forestpunk

A Journal Of The Dark Arts

Pants & The Family – Lost In The Wash

coverPants & The Family are from the same twisted group of weirdos from Lockport, Ny as yesterday’s 2Rabbit. Rather then focusing on the same heavy classic psychedelia, Pants & The Family are the opposite of classic rock. The only rule: no guitar; avoid what sounds too normal.

P&TF started when bassist Marc Pietrzykowski, (the 4 string pummeler from 2Rabbit), moved back to New York, and was having trouble finding people to play with. Rather than trying to find “established musicians” to “start a band”, Marc P. decided to focus on people he liked to hang out with, whether or not they played an instrument.

He quickly recruited his wife Ashley (ChuChi LaFace), to play synth, sampler and theremin. His buddy Bill (Bronchi Ducat) played drums in marching band in high school, so he was elected to hold down the throne.

It is this “avoid what sounds normal” that makes Pants & The Family interesting and noteworthy. The lack of guitar pushes the synths and growling bass guitar, into new and unusual permutations, doing things they normally don’t do. The bass takes a much more lead role, a lot of the time, a lot more varied and melodic than usual. It sounds like a guitar, at times, as well as seismic shifts and ominous rumbles. The synths sound like an electronic pedal steel guitar, “The Hex”, as well as the inside of a ’60s sci-fi laboratory.
 

 

The test of any album, of any genre, regardless of the size and popularity of the artist, is the quality of the original source signal, and how well it’s recorded. You could be the most innovative songwriter in the universe, but if your recordings and samples sound like shit, you’ll never make it past the first gate. While listeners tastes may be more widespread and encompassing than ever before, we are also very unforgiving. If yr lead single starts off like cheap club music, yr CD/bandcamp/Soundcloud link will be ejected, and never picked back up again.

It is in the quality of the recordings, the full-bodied low end of the bass guitar, and the spacious reverb and analog grit of the synthesizers, that show this is a band worth noting, worth paying attention to.

It creates a solid foundation, a world unto itself, and draws you in, to be flattened by sarcastic stories and a jaded worldview. Like the 2Rabbit record, Pants & The Family are rooted in scathing, caustic satire, as Marc P. sings about mustard gas clouds (“Everybody’s Got A Gas Mask But Me”), love songs to a bartender (“Hey Bartender”), more working class misanthropy (“Caught In The Zipper”) and zombie apocalypses (“Zombie Apocalypse And Bake Sale”).
 

 

Those into the throbbing menace of The Jesus Lizard will tear into Pants & The Family’s bottom end, and those into the retrofuturistic satire of bands like Devo or Man Or Astroman? will totally sew this patch on their hoodie. I was also reminded of the smart humor of The Dead Milkmen and Frank Zappa, particularly on the send-up of corporate culture, “Pragmatic Particle”, an update of Zappa’s “Valley Girl” for 2014.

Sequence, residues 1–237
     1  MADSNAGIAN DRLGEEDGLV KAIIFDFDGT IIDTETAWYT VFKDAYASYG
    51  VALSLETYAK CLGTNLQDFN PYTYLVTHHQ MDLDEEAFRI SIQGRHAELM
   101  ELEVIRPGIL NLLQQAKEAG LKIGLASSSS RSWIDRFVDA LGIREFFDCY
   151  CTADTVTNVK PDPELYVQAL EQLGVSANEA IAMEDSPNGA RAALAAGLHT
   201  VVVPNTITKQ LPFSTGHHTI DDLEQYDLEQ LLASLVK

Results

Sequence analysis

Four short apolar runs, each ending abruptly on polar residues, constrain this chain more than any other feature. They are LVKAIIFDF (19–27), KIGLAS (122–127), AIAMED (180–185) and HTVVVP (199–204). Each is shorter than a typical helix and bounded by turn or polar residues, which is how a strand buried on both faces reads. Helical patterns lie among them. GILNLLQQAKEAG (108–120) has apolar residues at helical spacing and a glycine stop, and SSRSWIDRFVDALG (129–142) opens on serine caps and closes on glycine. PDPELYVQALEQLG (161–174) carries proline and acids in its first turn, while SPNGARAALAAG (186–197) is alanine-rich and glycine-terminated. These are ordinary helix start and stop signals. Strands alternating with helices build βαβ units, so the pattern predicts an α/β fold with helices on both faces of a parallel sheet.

Another reviewer was confused by P&TY’s kaleidoscopic shifting of moods and genres, unclear on when to laugh and what to take seriously. This led him to believe this music only purpose is humor. In response to this, bassist Marc Pietrzykowski wrote:

I realized that most of the reviews of any artistic endeavor I’ve had subject to critique evoke the same confusion, the “what do I do with this” reaction that validates why I make art in the first place. It’s what I cherish in other artist’s work, and what I tend to critique first in art I find wanting.

&

To make art that eludes easy categorization and produces confused emotional states, yeah, that’s what I like.

Yeah, me too. Pants & The Family have come to the right place, to find an audience that spit in the face of genre and expectations.

Speaking of his other band, Marc P. described 2Rabbit as “a bunch of hicks, really”, who practice next to a Mennonite community, where they can’t get cell reception. In the same breath, he talks about projecting Stan Brakhage films during performances, and namechecks Noam Chomsky and Delia Derbyshire on Lost In The Wash‘s lead track, “Where The Hell Is Pants?”. In other songs he sings about “caramel macchiatos” and “lavender melon body wash”, giving us an interesting insight into how small-town America has irrevocably changed.

People in the Lockport/Buffalo area were originally confused by Pants & The Family, but are starting to come around. “We grow on people, like a fungus,” Marc P. declares. Let’s let that fungal infection blossom and spread.

Like yesterday, any help in spreading the word on P&TY is humbly appreciated. If you do review Lost In The Wash or feature any of their tracks on podcasts, mixtapes, or bodily scarification, let us know in the comments!

You can listen to Lost In The Wash, in its entirety, on SoundCloud.
Or purchase a copy @ Amazon: Lost in the Wash

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Pants And The Family
Fubar Bundy

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